If you are a Star Wars fan, every day is May 4th. I recently let the force choose a book to read from the shelves. Star Wars: From a Certain Point of View has been in my bookcase for a hot minute. Given my recent penchant for books on tape ( I know they are called audiobooks, but my reference is analog), I purchased the audio version. Published in 2017 for the fortieth anniversary of the original film's release, "more than forty contributors lend their vision to this retelling of Star Wars. Each of the forty short stories reimagines a moment from the original film but through the eyes of a supporting character. From a Certain Point of View features contributions by bestselling authors, trendsetting artists, and treasured voices from the literary history of Star Wars."
So many stories to choose from, so many characters and scenes to explore, so many possible lines of literary flight – Captain Antilles, Aunt Beru, Grand Moff Tarkin, or the Sith of Datawork – a midlevel administrator that helps a stormtrooper out of a jam, all add to the ever-expanding universe (horrible pun intended) of Star Wars stories.
I was tractor-beamed toward "The Baptist," by Nnedi Okorafor, about "the monster in the trash compactor." As you may know from my posts here, here, and here, Okorafor is one of my favs. "The Baptist" focuses on Omi, the Dianoga seven-tentacled cephalopod kidnapped from her home planet and taken to live inside the waste sewers of the Death Star. Omi means water in Yoruba. Okorafor is stellar in her rendering of Omi, entirely re-imagining a central narrative hook – Luke Skywalker's embrace of the force.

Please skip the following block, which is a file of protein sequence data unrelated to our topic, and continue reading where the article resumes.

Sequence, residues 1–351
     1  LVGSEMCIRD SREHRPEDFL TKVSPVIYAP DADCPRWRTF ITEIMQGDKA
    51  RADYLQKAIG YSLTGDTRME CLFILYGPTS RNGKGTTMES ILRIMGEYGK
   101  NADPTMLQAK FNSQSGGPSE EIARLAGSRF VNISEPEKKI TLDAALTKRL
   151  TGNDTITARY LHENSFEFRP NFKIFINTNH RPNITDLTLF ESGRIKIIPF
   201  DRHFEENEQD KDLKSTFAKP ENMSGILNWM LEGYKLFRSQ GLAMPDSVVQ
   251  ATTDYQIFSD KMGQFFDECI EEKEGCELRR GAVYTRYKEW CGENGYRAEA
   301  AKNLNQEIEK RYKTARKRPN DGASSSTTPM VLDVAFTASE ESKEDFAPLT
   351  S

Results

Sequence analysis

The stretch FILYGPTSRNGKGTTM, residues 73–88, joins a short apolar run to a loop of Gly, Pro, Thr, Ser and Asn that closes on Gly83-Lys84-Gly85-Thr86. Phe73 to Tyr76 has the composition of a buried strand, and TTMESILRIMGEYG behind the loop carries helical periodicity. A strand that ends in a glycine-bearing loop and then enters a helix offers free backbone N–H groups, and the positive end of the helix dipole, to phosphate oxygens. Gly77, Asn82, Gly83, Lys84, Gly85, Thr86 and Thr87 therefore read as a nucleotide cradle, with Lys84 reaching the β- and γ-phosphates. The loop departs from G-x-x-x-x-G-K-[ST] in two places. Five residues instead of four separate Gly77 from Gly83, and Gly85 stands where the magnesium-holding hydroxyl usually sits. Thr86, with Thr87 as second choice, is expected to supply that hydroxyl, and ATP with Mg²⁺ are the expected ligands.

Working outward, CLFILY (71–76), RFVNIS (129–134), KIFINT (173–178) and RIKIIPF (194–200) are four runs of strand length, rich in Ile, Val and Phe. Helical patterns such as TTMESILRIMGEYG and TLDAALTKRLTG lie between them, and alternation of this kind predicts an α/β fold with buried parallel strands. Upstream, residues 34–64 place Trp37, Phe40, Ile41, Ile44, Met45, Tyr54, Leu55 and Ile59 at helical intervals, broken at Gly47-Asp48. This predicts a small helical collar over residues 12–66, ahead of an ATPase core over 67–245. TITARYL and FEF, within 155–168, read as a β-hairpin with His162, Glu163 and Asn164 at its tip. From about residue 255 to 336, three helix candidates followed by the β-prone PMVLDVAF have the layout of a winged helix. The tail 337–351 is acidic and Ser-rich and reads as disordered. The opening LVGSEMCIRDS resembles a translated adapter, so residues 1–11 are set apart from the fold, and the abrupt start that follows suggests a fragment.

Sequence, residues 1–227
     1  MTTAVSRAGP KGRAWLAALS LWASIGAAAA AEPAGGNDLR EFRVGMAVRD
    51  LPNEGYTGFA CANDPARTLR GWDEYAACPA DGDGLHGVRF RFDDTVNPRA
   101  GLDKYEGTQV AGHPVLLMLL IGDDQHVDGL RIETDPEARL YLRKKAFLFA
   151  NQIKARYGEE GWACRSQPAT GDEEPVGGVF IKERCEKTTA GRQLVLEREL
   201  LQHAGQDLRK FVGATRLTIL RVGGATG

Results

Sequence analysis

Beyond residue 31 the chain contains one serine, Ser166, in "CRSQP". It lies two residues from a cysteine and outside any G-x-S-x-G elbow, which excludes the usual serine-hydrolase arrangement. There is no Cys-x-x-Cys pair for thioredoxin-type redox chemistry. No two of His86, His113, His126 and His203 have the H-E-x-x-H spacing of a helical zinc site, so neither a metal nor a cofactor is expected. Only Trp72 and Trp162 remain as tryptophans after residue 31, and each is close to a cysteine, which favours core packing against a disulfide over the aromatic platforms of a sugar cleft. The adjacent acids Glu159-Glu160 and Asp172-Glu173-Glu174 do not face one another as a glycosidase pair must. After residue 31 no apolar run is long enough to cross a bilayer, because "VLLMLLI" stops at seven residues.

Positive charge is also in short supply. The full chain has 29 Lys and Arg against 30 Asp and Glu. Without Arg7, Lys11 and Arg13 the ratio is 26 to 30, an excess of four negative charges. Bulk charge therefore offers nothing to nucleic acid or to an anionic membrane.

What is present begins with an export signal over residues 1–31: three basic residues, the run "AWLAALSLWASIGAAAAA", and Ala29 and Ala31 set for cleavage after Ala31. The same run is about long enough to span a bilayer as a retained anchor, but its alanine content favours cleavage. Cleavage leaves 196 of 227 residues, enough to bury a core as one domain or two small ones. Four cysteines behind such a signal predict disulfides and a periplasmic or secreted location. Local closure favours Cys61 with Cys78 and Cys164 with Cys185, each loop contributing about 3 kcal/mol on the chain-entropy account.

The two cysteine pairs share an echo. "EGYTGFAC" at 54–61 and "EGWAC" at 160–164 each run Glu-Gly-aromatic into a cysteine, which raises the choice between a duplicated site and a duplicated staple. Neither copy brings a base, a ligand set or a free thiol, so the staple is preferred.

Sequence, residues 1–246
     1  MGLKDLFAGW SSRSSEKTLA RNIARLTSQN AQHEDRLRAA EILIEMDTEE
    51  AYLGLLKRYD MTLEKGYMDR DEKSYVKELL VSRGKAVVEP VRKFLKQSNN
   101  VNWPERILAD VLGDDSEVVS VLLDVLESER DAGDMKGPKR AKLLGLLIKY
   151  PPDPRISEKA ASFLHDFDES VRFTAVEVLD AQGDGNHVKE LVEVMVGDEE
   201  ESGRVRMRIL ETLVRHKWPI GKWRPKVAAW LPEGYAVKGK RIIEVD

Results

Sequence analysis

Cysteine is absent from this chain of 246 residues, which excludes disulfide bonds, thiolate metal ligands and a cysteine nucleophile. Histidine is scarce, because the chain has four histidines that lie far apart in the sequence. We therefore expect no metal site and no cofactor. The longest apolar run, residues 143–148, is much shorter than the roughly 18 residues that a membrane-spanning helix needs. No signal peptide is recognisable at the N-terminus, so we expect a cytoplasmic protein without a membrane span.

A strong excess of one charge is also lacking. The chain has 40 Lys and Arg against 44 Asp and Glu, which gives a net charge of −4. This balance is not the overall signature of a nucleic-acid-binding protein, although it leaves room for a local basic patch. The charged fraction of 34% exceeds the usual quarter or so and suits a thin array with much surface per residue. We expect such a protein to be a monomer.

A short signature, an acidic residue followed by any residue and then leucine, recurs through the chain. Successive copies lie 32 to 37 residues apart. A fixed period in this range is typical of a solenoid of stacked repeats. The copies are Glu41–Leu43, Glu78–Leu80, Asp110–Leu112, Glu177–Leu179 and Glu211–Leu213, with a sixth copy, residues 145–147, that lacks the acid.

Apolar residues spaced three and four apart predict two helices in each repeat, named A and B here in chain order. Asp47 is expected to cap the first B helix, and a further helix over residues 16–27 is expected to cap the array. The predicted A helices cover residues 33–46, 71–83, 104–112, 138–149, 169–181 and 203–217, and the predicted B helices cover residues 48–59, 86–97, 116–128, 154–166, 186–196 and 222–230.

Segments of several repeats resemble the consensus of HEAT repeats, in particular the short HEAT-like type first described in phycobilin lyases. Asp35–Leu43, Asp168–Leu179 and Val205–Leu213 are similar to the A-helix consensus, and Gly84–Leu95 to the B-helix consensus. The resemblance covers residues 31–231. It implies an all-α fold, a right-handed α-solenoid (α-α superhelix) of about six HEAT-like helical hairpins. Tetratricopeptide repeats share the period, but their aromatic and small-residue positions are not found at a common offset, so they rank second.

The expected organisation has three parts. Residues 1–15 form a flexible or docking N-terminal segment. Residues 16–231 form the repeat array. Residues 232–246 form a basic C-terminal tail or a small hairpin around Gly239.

In an interview with Kristin Baver Okorafor explains her choice to write about Omi, "I knew I wanted to get really close to Omi. I wanted this to be her part of the story. The Star Wars series tends to focus on human or humanoid characters. At times, this feels limiting to me, the series being set in such a vast universe. There are all these other people we meet or see along the way and I'm always wondering about their stories. So, I knew I wanted to tell this creature's story in a way that showed her life as being just as spectacular as the human and humanoid characters of Star Wars."
Having seen the film in 1977 as a young child, I have vivid memories of waiting for the Stormtroopers to burst through the back of the theater, waiting in line for The Return of the Jedi, and spending too much of other people's money on toys. The stories are
Imagining the scenes and subtext backstories these new narratives invoke and rewrite, accompanied by sound effects and movie dialogue, has been a joyous experience of event-horizon future-gazing nostalgia.
Other anthologized authors include Daniel José Older, Zoraida Córdova, Pablo Hidalgo, Madeleine Roux, and a host of other galactic, hyper-space-invoking imaginations.